What is auto-enrolment?
To help workers to save for their retirement the Government introduced a new legal requirement for employers to provide a workplace pension to eligible employees.
Every existing business was required to set up and enrol workers, if they are not already in an equivalent scheme, with employers required to contribute to each individual’s pension fund.
The process of autoenrollment has ended now for most, but businesses must ensure they meet the requirements of auto-enrolment when onboarding new members of staff who meet specific criteria.
Who is affected by the workplace pension rules?
Anyone aged from 22 to the state pension age earning more than £10,000 will be automatically enrolled in their employer’s pension scheme.
Those who fall below this threshold can still join and receive employers’ contributions, but employers are under no obligation to enrol them automatically.
Those aged under 22 must automatically join the scheme when they either reach that age or start earning above the threshold.
Employees can choose to leave a scheme at any time and any pension built up will stay in place, although they won’t be able to get their contributions back. They can also re-join at any time.
Do employers have to re-enrol staff?
Re-enrolment and re-declaration must be completed every three years. Employers must re-enrol staff who left the workplace pension scheme, or reduced their contributions, back into the scheme and complete a re-declaration of compliance.
Auto-enrolment declarations must be completed within five calendar months of the third anniversary of the business’s original staging date.
How much do employers have to pay into employee’s pensions?
When the scheme was first launched employees were only expected to pay a minimum of 1% of their salary into their pension, with employers topping this up to a minimum of 2% in total.
However, since 2018 pension contributions must amount to at least 8% of an employee’s salary, with at least 3% coming from the employer.
It is up to the employer whether they contribute the remaining 5% or whether this contribution is made by the employee.
Although 8% is the minimum total contribution, an employer can offer a more generous pension entitlement should they wish to.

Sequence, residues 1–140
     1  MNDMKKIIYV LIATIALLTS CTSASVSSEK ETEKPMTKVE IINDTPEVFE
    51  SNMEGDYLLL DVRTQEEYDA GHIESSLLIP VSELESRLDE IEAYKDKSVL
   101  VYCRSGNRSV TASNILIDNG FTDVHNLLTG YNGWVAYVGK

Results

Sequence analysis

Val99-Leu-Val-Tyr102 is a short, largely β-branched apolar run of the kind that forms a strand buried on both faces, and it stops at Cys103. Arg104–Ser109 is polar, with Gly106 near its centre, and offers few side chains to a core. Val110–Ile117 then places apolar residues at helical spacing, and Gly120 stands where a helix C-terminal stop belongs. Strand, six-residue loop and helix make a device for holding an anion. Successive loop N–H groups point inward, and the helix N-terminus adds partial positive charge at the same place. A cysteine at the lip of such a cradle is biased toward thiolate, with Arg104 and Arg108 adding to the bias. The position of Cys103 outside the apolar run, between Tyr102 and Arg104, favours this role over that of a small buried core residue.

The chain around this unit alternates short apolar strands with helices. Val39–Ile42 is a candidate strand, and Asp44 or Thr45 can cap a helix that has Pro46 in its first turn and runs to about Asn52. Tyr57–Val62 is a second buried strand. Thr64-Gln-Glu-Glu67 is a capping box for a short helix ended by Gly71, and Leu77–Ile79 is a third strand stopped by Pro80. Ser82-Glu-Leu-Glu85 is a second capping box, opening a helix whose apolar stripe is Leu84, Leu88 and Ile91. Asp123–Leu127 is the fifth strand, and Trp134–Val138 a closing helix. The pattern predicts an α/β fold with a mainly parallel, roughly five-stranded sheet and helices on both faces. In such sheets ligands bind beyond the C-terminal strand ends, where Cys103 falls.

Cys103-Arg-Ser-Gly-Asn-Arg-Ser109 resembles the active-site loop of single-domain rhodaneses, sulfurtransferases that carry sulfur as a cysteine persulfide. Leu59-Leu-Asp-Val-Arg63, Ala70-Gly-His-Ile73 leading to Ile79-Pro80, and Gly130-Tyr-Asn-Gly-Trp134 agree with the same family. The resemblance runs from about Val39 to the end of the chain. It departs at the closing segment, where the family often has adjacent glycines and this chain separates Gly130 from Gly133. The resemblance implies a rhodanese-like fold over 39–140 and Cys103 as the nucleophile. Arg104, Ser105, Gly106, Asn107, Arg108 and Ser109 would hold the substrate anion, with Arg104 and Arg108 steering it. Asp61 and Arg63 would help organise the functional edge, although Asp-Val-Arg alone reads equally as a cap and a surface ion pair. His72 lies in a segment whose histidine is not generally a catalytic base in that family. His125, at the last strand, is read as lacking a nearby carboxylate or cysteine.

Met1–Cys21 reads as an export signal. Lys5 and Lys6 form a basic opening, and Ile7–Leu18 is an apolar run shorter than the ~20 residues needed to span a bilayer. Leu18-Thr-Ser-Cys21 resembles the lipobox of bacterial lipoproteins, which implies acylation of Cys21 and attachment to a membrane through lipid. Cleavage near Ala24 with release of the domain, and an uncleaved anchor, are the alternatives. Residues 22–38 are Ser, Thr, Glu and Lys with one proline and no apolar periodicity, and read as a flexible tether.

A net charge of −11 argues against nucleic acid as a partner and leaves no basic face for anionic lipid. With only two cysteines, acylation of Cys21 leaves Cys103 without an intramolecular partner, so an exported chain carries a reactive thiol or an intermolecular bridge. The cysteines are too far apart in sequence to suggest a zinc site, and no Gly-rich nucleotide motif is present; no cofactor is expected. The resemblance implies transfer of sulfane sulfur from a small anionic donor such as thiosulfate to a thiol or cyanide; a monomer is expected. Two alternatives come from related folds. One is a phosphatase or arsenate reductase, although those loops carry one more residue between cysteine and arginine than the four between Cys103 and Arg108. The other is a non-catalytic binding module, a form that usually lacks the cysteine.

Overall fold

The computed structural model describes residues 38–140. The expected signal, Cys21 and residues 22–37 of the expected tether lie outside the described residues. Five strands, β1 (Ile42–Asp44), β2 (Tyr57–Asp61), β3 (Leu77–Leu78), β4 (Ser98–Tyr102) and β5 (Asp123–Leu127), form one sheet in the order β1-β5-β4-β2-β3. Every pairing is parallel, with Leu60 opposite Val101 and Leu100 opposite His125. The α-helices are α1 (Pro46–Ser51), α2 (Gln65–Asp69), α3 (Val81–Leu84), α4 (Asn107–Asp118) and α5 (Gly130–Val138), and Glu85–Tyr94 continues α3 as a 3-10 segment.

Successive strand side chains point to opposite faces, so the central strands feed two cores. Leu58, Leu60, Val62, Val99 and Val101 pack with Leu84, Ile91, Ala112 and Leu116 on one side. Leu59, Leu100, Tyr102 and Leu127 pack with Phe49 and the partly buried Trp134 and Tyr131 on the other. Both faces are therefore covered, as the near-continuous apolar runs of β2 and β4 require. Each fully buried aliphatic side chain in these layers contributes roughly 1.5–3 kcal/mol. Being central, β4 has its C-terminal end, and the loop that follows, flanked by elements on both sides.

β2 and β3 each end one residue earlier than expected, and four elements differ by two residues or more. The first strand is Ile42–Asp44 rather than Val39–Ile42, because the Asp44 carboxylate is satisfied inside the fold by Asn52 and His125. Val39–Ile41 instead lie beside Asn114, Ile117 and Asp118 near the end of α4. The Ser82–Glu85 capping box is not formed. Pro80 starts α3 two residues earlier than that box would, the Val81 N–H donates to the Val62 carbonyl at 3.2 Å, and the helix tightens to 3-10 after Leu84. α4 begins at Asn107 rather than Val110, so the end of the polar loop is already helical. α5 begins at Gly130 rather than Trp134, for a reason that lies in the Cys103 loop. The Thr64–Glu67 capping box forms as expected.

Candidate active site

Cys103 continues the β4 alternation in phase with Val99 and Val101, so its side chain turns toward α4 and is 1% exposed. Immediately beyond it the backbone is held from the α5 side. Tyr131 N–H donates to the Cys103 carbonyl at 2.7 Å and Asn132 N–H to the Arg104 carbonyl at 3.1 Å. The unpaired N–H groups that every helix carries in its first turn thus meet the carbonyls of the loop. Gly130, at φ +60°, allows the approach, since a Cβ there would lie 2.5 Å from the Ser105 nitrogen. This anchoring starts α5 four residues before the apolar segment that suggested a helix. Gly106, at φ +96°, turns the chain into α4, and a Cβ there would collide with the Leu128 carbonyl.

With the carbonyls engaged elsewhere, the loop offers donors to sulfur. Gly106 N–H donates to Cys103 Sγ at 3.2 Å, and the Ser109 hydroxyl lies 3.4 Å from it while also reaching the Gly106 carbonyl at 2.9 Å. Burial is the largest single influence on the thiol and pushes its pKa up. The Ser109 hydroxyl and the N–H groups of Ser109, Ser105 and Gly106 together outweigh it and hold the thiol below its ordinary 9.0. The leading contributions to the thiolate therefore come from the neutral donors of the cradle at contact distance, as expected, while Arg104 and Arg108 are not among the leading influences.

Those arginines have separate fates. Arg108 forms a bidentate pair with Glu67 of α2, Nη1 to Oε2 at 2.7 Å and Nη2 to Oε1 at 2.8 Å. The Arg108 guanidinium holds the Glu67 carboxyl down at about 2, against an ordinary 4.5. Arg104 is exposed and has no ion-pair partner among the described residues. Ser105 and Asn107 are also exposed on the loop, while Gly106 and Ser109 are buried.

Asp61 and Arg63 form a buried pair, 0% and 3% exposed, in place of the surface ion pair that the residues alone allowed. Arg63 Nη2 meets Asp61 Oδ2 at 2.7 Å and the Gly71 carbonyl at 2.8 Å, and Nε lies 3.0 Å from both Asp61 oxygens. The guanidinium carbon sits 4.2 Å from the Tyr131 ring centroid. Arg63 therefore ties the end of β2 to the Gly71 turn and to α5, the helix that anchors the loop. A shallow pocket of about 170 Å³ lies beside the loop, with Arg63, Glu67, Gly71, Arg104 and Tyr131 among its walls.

The employer already offers a workplace pension scheme, do they need to change it?
Provided the existing scheme meets the minimum standards for auto-enrolment then an employer can continue to use it, although they will need to register it with The Pensions Regulator (TPR). Businesses need to re-register the scheme every three years.
Do employers need to use a specific pension provider?
Employers can choose which provider they use. NEST, the National Employment Savings Trust, is just one possible provider of pensions via auto-enrolment.
It may not necessarily be the best scheme for every business, which is why it is important to seek independent advice.
We have thoroughly researched workplace pension provisions and would be happy to offer employers tailored advice.
What if an employer doesn’t want to offer a workplace pension?
Workplace pensions are not optional and employers have a duty to offer employees an appropriate scheme.
Employees can choose to leave the scheme if they wish, but employers are legally obliged to offer one in the first place. Employers face substantial fines and even imprisonment if they do not comply.
How can Lamont Pridmore help?
At Lamont Pridmore, we have assisted many businesses and employers with the implementation and ongoing management of the auto-enrolment and workplace pension rules.
We can take care of everything for you, from helping you find the most appropriate scheme for your business to ensuring you continue to meet your obligations in terms of record-keeping and reporting.
By alleviating this burden, you are free to focus on what you do best – running and growing your business.
Want to know more?